Grime predominately evolved from the UK speed garage scene and genre towards the latter stages, although it takes influences from other genres. It is young urban sound originating and pioneered from London and represents in such a way with many references and the way it ebbs and flows.[citation needed] According to Sasha Frere-Jones of The New Yorker, grime has developed a fierce sound by "distilling" rhythms to a minimal style resulting in a choppy, off-centre sound. Whereas hip hop is inherently dance music, the writer argues that "grime sounds as if it had been made for a boxing gym, one where the fighters have a lot of punching to do but not much room to move."[7] Frere-Jones also states that grime has maintained a style distinct from hip hop, with clear African and Caribbean influences.[7] Hattie Collins supports Frere-Jones' analysis, asserting that grime is "an amalgamation of UK garage with a bit of drum & bass, a splash of punk and a touch of hip-hop thrown in for good measure."[6] According to Alex de Jong and Marc Schuilenburg, grime music also samples sawtooth wave sounds (chiptunes) from video game music and ringtones which had become part of everyday life in East London and other parts of the capital.[18]

Criticism[edit]

As with many similar scenes around the world, grime has encountered some criticism, especially from government officials such as Home Secretary David Blunkett who in 2003 called rap lyrics "appalling". Former minister Kim Howells made a statement in 2006 that grime artists were helping to create a culture "where killing is almost a fashion accessory."[19] Howells went even deeper into the issue, making comments that some grime supporters claimed to find "deeply racist", referring to popular artists and crews as "boasting macho idiot rappers".[20] A counter argument is given by Jeff Chang in an article in The Village Voice where he said Dizzee Rascal’s often violent and sexual lyrics are heralded as "capturing, encapsulating, and preserving" the life that he and his peers live on the streets every day.[21]

See also[edit]

References[edit]

  1. ^ http://thump.vice.com/en_uk/words/i-want-to-blast-my-record-in-chinatown-an-interview-with-fatima-al-qadiri
  2. ^ a b c d McKinnon, Matthew (2005-05-05). "Grime Wave". Canadian Broadcasting Corporation. Retrieved 2008-02-24. 
  3. ^ Campion, Chris (2004-05-23). "Inside grime". Observer Music Monthly (Guardian Media Group). Retrieved 2009-07-26.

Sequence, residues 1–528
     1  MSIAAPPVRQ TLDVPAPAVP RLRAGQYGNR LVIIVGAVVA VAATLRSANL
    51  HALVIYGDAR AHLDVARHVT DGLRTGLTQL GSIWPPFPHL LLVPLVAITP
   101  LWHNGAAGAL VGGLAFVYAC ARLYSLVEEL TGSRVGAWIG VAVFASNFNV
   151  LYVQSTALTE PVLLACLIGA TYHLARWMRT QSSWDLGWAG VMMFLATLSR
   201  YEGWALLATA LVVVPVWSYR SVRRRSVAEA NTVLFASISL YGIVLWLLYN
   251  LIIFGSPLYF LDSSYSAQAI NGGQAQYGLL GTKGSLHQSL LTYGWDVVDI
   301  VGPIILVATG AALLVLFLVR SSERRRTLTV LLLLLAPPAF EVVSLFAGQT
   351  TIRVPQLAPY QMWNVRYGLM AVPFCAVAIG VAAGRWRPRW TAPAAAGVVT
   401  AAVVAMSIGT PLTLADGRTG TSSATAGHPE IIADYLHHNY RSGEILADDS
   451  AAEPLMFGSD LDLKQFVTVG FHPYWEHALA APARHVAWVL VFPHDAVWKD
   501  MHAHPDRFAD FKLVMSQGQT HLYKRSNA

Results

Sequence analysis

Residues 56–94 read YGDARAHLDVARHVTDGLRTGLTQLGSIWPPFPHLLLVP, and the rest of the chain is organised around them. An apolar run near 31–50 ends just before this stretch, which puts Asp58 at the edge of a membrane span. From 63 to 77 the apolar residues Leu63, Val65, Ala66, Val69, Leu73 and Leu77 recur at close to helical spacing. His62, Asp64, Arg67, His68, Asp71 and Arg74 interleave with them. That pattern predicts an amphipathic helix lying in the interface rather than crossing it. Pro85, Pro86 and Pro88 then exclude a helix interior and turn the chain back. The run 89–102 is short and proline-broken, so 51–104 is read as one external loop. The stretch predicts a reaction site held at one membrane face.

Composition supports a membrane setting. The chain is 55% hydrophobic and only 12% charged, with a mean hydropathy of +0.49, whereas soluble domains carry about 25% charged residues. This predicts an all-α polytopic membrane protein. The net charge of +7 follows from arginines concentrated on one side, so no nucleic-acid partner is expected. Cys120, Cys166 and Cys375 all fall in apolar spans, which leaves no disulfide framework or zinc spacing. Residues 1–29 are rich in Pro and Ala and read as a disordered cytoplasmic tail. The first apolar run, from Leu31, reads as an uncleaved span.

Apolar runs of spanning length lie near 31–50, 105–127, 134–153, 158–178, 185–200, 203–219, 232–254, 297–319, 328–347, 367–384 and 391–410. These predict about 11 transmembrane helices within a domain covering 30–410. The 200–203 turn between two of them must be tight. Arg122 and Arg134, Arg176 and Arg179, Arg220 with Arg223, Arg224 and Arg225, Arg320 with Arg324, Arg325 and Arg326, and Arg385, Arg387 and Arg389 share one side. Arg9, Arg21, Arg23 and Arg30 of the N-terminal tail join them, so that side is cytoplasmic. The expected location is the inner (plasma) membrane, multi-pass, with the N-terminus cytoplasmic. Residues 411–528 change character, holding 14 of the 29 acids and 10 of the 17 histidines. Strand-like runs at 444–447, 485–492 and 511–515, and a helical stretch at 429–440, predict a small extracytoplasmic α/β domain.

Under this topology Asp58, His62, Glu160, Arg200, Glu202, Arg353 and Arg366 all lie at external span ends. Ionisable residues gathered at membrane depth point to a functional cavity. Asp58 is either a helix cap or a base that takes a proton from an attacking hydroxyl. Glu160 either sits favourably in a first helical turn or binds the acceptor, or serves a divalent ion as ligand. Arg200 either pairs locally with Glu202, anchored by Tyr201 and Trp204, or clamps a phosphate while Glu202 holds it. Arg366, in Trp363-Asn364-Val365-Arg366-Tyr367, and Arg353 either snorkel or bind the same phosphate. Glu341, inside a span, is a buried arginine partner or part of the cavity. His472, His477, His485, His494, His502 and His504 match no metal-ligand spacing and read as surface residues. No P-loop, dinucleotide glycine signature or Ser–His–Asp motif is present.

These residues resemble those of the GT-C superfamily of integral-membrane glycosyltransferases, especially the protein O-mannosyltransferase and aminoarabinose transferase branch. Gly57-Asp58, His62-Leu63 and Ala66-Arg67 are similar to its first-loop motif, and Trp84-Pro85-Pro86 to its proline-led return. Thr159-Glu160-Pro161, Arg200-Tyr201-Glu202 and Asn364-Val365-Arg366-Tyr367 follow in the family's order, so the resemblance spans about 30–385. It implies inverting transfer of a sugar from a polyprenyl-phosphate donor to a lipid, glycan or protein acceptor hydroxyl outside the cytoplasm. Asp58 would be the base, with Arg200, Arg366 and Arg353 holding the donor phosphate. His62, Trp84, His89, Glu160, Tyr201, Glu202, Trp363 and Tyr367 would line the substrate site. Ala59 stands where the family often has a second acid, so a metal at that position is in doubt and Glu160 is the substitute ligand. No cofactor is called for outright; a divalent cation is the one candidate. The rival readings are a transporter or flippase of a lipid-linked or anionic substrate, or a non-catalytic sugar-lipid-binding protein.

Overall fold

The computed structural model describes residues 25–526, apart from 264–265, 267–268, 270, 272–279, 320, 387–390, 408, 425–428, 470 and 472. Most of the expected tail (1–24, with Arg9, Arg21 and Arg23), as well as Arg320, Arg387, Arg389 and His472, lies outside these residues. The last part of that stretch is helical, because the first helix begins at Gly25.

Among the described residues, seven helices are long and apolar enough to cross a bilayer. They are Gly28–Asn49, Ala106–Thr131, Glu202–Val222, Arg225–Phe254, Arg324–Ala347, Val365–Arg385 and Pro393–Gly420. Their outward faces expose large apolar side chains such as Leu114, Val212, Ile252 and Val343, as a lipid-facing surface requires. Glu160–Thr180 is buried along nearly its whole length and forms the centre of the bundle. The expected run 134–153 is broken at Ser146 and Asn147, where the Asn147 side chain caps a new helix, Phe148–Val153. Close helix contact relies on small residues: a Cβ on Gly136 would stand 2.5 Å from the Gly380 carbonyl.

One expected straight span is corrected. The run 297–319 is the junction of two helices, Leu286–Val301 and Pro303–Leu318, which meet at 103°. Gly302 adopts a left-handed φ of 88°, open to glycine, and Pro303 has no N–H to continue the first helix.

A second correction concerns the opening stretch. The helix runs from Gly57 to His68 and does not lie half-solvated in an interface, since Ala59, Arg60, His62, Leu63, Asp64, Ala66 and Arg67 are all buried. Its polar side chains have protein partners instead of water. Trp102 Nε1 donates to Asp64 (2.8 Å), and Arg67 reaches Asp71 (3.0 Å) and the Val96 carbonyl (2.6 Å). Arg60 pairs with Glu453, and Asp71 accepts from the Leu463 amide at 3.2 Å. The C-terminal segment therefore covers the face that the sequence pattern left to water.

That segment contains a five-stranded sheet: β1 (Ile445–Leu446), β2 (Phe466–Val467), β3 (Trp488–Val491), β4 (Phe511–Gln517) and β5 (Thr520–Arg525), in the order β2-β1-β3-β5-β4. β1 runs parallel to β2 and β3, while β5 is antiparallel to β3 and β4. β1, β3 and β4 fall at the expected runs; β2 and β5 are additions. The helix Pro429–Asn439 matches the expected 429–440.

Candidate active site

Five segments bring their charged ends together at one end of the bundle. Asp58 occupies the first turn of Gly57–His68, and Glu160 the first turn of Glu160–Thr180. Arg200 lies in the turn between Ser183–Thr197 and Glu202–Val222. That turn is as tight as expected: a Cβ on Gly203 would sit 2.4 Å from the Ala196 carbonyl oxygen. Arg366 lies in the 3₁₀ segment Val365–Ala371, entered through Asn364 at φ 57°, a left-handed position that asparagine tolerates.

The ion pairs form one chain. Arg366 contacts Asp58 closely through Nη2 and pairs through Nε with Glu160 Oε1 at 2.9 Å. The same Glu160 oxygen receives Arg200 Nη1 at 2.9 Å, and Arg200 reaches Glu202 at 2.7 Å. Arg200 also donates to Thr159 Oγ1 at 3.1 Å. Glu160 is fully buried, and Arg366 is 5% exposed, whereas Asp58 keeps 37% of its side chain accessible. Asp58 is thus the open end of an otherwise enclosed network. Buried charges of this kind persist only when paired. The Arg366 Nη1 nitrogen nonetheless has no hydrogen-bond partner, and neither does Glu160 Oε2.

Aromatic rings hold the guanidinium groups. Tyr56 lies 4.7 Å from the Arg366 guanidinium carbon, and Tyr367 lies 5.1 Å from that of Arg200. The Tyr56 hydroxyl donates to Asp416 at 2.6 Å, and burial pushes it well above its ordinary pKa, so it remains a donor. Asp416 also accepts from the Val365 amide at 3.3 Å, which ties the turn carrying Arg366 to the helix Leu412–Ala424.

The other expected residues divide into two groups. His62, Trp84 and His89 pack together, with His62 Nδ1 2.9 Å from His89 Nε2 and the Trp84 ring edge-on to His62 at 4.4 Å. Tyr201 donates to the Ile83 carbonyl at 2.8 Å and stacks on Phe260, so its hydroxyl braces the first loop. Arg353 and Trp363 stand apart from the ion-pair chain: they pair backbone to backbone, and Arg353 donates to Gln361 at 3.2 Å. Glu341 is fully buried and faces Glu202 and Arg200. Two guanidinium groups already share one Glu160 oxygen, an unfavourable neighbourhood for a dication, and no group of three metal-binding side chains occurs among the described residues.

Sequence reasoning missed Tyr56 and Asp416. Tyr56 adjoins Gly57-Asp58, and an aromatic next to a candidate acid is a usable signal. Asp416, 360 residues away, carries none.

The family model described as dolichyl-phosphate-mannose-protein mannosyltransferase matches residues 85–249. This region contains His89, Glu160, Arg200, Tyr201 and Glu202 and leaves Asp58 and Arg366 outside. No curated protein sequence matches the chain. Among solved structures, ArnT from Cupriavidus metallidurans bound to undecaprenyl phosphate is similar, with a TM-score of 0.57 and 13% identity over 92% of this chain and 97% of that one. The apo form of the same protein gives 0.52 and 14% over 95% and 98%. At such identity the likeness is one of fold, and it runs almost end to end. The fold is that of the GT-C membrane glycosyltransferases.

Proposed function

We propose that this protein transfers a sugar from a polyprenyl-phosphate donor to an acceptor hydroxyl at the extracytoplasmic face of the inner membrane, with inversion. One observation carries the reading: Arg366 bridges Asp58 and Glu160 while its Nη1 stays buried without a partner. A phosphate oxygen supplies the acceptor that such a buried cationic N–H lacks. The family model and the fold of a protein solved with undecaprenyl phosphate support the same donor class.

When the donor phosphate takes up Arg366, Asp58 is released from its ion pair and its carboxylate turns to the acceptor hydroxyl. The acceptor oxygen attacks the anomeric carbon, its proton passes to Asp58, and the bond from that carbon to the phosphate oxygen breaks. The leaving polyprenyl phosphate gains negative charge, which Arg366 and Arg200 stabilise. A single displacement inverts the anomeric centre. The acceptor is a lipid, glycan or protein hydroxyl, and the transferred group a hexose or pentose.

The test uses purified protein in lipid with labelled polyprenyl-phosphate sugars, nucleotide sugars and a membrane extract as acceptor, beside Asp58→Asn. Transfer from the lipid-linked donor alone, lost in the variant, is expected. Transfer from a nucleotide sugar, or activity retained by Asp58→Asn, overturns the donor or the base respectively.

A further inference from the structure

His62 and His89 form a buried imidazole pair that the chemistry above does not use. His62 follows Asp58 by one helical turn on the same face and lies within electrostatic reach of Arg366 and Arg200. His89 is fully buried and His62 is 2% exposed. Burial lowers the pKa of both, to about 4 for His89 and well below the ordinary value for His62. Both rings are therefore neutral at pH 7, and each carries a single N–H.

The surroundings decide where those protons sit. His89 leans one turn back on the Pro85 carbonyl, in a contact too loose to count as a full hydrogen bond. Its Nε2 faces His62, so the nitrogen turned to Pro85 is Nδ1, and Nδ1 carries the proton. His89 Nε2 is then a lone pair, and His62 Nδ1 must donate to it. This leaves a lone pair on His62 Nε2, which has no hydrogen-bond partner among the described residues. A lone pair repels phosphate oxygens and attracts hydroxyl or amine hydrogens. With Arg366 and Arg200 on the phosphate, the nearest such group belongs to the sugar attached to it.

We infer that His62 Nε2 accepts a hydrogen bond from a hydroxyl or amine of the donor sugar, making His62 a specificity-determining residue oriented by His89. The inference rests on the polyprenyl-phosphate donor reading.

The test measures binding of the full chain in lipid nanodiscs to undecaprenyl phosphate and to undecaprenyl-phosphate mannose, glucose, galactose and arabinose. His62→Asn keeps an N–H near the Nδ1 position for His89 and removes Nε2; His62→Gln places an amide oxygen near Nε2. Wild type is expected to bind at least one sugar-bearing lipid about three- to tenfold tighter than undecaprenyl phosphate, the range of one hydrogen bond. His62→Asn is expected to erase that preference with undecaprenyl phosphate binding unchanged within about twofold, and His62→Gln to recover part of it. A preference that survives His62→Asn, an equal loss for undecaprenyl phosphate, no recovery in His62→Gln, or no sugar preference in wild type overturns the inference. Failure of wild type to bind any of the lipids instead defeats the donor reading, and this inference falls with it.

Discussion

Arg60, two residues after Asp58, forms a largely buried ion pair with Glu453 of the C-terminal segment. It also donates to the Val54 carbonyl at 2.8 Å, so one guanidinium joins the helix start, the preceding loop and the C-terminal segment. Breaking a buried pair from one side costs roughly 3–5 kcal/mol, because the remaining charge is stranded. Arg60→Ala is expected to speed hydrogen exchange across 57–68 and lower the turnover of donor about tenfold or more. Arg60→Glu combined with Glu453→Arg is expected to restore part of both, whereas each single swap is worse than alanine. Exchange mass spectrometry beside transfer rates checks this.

4. ^ Sturges, Fiona (2005-07-09). "A life of grime". The Independent (Independent News & Media). Retrieved 2009-07-26. 
  5. ^ Harvell, Jess (2005-03-21). "They Don't Know". Pitchfork Media. Retrieved 2008-02-25. 
  6. ^ a b c Collins, Hattie (2004-11-19). "will grime pay?". Collective. BBC. Retrieved 2008-03-12. 
  7. ^ a b c Frere-Jones, Sasha (2005-03-21). "True Grime". The New Yorker. Retrieved 2008-03-12. 
  8. ^ http://www.comedy.co.uk/guide/tv/youngers/
  9. ^ http://www.comedy.co.uk/news/story/000001185/
  10. ^ http://norient.com/stories/grime2014//
  11. ^ Patrin, Nate (2007-06-15). "Dizzee Rascal: Maths + English". Pitchfork Media. Retrieved 2008-03-12. 
  12. ^ Hoard, Christian (2007-05-30). "Maths + English". Rolling Stone Online. Retrieved 2008-03-12. 
  13. ^ Miller, Alex (2007-06-01). "Maths + English". New Music Express. Retrieved 2008-03-12. 
  14. ^ Galil, Leor. "Dizzee Rascal - Maths & English". Rock Sound. Retrieved 2008-03-12. 
  15. ^ Mathewson, Catriona (2007-02-16). "Sovereign hits her gold mine". The Courier-Mail (Queensland Newspapers). Retrieved 2008-04-13. 
  16. ^ [1] O2 reports Dizzee Rascal to play at O2 & Glastonbury
  17. ^ [2] NME reports on Dizzee Rascal playing at Reading festival
  18. ^ Alex de Jong, Marc Schuilenburg (2006). Mediapolis: popular culture and the city. 010 Publishers. p. 106. ISBN 90-6450-628-0. Retrieved 30 July 2011. 
  19. ^ "Cameron attacks Radio 1's hip-hop". BBC News (BBC). 2006-06-07. Retrieved 2008-03-12. 
  20. ^ Gibbons, Fiachra (2003-01-06). "Minister labelled racist after attack on rap 'idiots'". The Guardian (Guardian Media Group). Retrieved 2008-03-13. 
  21. ^ Chang, Jeff (2004-01-13). "Future Shock". The Village Voice. Retrieved 2008-03-12.